Remembering Teachers the Way We Want
I'm used to hearing nothing but bad things about public-school teachers in this country. But even I was taken aback by the conclusion that Joseph Epstein drew in a recent essay ("That's a Nickel," The Weekly Standard, Jan. 19). In a discussion at the National Endowment for the Humanities about the importance of their secondary education, one woman from Germany sang the praises of the gymnasium she attended, while the other, an American, did the same about the time she spent at the lycée in France. In contrast, Epstein, who attended a public high school in Chicago, remembered only how terrible his teachers were. The reason was quite apparent: "They represented the rich fruits of tenure in a public-school system."
I'm not an apologist for bad teachers, whether in public, private or religious schools. They have no place in the classroom because they deprive their students of the education they deserve. But like so many other critics, Epstein provides only one side of the story. Let me explain.
First, since Epstein relies on anecdotal evidence, I'll begin with my own. There are outstanding public-school teachers in this country. I attended a public high school in suburban N.Y. in the 1950s and received a first-rate education. In fact, I learned far more Spanish there than I did at the University of Pennsylvania. I'm completely bilingual, as a result. How come?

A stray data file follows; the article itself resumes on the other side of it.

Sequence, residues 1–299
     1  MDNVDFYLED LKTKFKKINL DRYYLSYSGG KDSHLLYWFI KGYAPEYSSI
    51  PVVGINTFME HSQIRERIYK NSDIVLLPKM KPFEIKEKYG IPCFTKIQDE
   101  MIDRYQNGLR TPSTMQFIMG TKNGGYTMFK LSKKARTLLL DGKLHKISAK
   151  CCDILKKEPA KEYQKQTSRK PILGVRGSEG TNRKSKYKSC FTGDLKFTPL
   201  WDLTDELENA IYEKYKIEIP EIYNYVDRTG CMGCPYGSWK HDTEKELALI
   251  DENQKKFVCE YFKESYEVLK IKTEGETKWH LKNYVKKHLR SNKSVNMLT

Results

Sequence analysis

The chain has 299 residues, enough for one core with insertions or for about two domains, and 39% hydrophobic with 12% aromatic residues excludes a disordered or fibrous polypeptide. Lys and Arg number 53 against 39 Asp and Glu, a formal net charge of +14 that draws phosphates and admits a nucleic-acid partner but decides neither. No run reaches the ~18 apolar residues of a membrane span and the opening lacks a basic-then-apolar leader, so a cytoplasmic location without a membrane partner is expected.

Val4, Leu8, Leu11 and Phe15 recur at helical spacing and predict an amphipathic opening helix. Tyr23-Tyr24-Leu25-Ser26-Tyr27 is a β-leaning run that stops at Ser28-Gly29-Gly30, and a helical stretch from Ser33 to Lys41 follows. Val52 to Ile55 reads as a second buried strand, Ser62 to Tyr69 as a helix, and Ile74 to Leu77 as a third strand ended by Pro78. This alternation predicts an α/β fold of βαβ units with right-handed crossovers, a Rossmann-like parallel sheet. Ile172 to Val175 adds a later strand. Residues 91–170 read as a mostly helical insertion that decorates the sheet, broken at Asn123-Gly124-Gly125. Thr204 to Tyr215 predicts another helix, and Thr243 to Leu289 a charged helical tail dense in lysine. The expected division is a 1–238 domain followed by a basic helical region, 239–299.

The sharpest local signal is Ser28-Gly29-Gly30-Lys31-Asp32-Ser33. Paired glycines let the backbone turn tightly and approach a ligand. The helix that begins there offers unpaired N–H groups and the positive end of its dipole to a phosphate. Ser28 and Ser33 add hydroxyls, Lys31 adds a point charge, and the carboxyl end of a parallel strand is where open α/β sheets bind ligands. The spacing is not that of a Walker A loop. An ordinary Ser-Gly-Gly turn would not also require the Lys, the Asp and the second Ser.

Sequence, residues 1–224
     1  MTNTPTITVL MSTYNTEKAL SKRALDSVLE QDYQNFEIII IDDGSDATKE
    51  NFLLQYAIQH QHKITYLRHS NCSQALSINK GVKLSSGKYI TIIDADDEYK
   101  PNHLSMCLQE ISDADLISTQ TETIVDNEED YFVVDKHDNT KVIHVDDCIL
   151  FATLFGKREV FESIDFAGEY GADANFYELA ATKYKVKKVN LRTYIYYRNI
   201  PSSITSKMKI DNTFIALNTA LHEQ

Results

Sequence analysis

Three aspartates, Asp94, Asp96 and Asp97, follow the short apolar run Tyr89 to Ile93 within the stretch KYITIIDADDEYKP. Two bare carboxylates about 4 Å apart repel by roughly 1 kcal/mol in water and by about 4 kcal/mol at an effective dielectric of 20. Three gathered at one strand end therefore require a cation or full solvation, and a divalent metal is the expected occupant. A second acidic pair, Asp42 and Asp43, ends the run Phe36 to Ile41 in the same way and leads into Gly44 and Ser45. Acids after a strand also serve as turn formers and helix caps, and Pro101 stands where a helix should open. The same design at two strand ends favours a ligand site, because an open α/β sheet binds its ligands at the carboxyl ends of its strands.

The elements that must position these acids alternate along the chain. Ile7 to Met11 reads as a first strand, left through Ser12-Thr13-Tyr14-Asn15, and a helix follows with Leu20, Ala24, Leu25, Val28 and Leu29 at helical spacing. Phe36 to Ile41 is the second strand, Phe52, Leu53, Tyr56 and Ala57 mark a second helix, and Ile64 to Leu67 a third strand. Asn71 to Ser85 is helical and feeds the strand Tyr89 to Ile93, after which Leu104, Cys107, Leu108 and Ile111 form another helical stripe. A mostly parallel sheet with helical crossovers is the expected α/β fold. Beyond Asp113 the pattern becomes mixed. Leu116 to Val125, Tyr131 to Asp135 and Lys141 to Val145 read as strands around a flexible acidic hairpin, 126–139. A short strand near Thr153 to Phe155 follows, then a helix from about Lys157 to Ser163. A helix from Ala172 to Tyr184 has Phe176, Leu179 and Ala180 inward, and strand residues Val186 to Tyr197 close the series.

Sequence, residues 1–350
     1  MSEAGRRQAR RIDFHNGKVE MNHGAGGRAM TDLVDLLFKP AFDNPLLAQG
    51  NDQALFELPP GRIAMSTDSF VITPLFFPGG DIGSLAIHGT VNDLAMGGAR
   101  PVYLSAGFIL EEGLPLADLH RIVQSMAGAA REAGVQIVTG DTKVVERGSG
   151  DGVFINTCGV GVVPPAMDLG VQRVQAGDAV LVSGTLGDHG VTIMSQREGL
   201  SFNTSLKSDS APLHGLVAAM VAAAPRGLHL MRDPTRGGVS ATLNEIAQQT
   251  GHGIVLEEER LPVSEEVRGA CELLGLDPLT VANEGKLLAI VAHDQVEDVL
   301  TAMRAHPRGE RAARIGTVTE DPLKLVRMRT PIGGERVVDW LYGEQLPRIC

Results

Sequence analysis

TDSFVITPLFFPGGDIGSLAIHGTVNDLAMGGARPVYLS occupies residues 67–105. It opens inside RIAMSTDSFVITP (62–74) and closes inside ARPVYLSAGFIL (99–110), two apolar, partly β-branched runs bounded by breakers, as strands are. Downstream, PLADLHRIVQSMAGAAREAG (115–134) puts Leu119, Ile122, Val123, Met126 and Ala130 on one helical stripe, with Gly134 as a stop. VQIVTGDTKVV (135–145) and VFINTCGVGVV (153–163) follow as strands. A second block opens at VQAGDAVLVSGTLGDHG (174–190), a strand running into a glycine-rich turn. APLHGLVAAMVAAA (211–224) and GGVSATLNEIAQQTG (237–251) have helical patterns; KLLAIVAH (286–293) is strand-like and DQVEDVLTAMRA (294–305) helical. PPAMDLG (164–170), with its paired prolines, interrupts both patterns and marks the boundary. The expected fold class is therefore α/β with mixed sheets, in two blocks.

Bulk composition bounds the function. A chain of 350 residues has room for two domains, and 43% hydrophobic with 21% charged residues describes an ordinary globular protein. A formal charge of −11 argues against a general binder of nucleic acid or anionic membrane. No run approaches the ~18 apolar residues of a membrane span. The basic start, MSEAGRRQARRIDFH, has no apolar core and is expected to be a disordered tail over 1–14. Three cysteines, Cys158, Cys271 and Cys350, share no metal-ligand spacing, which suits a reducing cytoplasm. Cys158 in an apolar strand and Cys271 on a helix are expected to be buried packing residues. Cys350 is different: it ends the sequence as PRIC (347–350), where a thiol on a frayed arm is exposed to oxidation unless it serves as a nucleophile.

Second, tenure has very little to do with poor instruction, despite Epstein's assertion. All the teachers I had possessed tenure. In fact, the empirical evidence is clear on this point: The states with the strongest tenure laws and strongest teachers' unions post the highest scores on NAEP ( e.g. Massachusetts and Minnesota). Conversely, the states with the weakest tenure laws and weakest teachers' unions post the lowest scores on NAEP (e.g. Arkansas and Mississippi). Epstein omits these inconvenient facts. The teachers in Germany and France that he cites as paradigms also have strong tenure laws. The benefits of teachers' unions to the public are ignored as well by too many authors ("Public Unions vs. the Public," The Wall Street Journal, Jan. 16).
Finally, generalizing about all public-school teachers is as unconvincing as generalizing about all private-school or religious-school teachers. I had classmates at Penn who graduated from prestigious New England prep schools and from renowned religious schools who ranged in ability as dramatically as those from public schools. Epstein must have learned far more from his public-school teachers in Chicago than he admits or he wouldn't be writing for The Weekly Standard.
I'm perfectly willing to engage in a debate with anyone about the shortcomings of public education in this country, including the ineffectiveness of teachers. But I think it's only fair to enter the debate with an open mind.